Gov. Pete Wilson on Monday saluted Ventura County's politicians as quick-acting, hard-working leaders--and then tried to slip them the distasteful task of imposing a new sales tax to make up for drastic cuts in state aid.
California's estimated $8-billion budget gap this year compels the state to go further than ever before in commandeering funds from cities, counties and special districts, Wilson told 400 business and political leaders at the county's annual economic summit.
But rather than boost California's revenue by extending a statewide half-cent sales tax past its June 30 expiration date, Wilson argued that Sacramento legislators should let the tax die and pass responsibility for generating funds on to county supervisors.
If a majority of voters supported the levy on a ballot initiative, supervisors could impose their own half-cent sales tax and earmark the revenue for regional health care, crime prevention or education, Wilson said.
"A fundamental belief of mine is that in a nation-state of 32 million, we should make use of the county government and allow (local politicians) to set their own priorities," the Republican governor said.
Brushing aside the governor's compliments, Supervisors Vicky Howard, Maggie Kildee and Maria VanderKolk angrily denounced his plan as a not-so-subtle way of passing the buck. As Democrat Kildee put it, "It is a transfer of political heat."
VanderKolk, a Republican, agreed with her colleague's assessment. "God knows we don't want to hear that he's going to give us the opportunity to raise a sales tax while he cuts out our other revenues," VanderKolk said. "We need to communicate to him what his proposed budget will do to our economy here."
Although Wilson spoke and answered questions for 45 minutes, the supervisors expressed frustration that he seemed to sidestep questions about impending state raids on county and district coffers.
Wilson's proposed budget would eliminate $19 million from the county's fire district--almost half its annual operating budget--and as a result, supervisors may have to impose some form of tax simply to keep fire stations operating next year, Kildee said.
The governor's bleak view of the state's economic hardship clashed with the ritzy atmosphere of the two-hour conference, held over a well-stocked breakfast buffet in the exclusive Sherwood Country Club in unincorporated east county.
And indeed, Wilson's speech had little to do with the specific problems plaguing Ventura County.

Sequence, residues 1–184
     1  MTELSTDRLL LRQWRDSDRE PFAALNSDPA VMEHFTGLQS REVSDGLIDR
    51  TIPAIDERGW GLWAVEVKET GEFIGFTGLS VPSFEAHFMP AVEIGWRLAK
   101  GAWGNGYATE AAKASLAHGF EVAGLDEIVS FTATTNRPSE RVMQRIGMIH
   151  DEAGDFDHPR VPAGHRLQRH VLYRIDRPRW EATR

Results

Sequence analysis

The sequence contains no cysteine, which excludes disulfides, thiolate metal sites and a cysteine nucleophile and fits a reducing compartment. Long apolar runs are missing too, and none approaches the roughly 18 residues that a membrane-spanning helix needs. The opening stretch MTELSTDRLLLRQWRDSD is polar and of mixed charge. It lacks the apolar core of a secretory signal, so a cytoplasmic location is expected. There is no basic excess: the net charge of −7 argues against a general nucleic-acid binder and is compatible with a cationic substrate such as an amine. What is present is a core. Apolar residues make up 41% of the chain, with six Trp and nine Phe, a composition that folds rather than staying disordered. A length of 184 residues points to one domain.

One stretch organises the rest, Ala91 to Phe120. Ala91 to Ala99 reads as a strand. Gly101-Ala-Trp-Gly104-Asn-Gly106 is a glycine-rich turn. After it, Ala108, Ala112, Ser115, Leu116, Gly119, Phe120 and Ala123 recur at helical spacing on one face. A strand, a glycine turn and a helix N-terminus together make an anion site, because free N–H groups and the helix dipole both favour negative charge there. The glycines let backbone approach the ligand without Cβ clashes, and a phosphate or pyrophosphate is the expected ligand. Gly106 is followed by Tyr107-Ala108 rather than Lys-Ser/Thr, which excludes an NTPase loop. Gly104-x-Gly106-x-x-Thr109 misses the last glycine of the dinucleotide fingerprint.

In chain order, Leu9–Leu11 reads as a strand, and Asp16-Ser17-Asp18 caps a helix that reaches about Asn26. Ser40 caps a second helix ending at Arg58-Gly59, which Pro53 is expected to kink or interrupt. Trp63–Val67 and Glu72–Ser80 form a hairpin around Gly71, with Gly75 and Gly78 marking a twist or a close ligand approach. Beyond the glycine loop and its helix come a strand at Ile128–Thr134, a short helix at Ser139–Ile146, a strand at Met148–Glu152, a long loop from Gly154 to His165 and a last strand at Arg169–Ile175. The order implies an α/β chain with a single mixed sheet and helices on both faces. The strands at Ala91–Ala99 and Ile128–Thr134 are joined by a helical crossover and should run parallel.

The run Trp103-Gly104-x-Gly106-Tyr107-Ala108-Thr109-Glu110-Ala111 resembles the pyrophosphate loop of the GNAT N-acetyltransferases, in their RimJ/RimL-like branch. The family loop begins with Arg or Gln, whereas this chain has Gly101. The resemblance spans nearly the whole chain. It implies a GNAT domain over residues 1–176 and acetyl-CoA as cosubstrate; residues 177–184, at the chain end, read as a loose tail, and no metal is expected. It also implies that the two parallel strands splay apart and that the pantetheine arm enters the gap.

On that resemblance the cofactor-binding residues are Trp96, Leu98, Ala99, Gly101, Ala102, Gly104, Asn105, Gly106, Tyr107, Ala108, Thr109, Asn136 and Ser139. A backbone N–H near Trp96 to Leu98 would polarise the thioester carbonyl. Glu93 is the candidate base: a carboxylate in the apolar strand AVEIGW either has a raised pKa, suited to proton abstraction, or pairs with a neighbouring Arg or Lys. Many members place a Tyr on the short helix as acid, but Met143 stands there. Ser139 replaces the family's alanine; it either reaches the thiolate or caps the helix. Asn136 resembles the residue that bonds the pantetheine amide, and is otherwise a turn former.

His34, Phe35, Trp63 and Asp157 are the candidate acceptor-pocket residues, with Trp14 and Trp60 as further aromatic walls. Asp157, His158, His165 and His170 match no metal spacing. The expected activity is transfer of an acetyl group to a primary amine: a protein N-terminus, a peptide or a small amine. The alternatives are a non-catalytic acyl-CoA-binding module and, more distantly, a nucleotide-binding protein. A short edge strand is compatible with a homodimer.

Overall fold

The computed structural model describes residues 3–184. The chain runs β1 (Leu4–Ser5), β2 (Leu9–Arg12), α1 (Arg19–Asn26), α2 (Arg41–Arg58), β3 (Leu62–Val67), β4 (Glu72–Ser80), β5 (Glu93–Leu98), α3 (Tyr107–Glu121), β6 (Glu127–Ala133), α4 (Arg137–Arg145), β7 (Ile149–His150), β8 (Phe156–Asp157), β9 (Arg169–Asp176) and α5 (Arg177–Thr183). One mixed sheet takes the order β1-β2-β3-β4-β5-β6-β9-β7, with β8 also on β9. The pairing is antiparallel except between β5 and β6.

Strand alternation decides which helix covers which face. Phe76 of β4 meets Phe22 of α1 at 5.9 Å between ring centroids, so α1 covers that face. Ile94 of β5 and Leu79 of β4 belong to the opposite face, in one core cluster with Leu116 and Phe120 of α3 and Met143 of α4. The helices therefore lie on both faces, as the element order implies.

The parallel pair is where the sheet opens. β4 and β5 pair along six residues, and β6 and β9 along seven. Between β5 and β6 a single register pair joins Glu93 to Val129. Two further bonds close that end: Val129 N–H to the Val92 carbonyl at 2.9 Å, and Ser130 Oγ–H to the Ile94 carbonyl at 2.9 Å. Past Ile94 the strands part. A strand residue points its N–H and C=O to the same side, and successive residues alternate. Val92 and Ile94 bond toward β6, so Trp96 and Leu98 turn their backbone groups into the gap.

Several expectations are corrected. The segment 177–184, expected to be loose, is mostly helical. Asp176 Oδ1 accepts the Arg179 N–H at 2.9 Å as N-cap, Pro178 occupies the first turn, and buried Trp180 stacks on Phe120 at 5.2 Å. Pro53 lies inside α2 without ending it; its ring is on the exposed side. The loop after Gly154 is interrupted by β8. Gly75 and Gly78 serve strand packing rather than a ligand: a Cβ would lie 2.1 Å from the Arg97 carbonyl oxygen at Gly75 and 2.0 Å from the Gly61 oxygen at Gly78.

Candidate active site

The county's unemployment rate jumped to 9% in January, slightly higher than the state average of 8.5% and well above the national figure of 7.1%, labor officials announced last week. Construction jobs have been especially hard-hit, with a downturn in commercial and residential building.
Wilson devoted much of his address to blasting a federal plan to close eight California military bases--a proposal that threatens nearly 32,000 jobs across the state, but will result in a net loss of only about a dozen Ventura County jobs.
Scattered at tables throughout the vast, high-ceilinged conference room, the business and political leaders who had paid $40 each to attend the economic summit breakfast perked up when Wilson switched topics and vowed to reform the workers' compensation program.
Bursting into applause, they cheered his pledge to create a better business climate across California by lowering premiums, eliminating phony job-related stress claims and trimming the financial burden of workers' compensation.
Although Wilson proposed no specific fixes for Ventura County's ailing economy, he reiterated pledges to lure businesses to the state by offering tax incentives and reducing regulation. These promises, coupled with Wilson's willingness to listen to area business leaders, encouraged some participants.
"To the degree that this brings the governor's focus to key issues here and gives him a heightened awareness of the issues, it's very positive," said Tom Bryson, general manager of Southern California Edison.
As chairman of the Ventura County Council on Economic Vitality, a group of 40 business leaders and elected officials, Bryson urged city and county government to begin easing regulations immediately.
"We know what's wrong and we know what needs to be fixed," Bryson said in an energetic pep talk before Wilson took the microphone. "To improve economic vitality in Ventura County, we need action--pure, simple action."
The 40-member council, appointed by the Board of Supervisors last year, recommended that local governments streamline regulations, reduce the number of permits required to start up a business, and routinely ask local companies for advice on how to better serve them.
Several participants said learning about the council's work was the most valuable part of the two-hour conference, which lacked the substance of last year's daylong Ventura County economic summit.
"It should teach all of us that a cooperative effort between government and business is possible, even when they disagree, if they keep sitting in the same room until they hammer out an agreement," said Bob Beggs, a real estate consultant with Corporate Property Management Inc. of Port Hueneme.
Wilson said he planned to show the group's report to his colleagues in Sacramento as a model of public-private cooperation.
"My hat is off to you," Wilson told the crowd, which had greeted him with a standing ovation. "You have every reason to be proud--keep it up."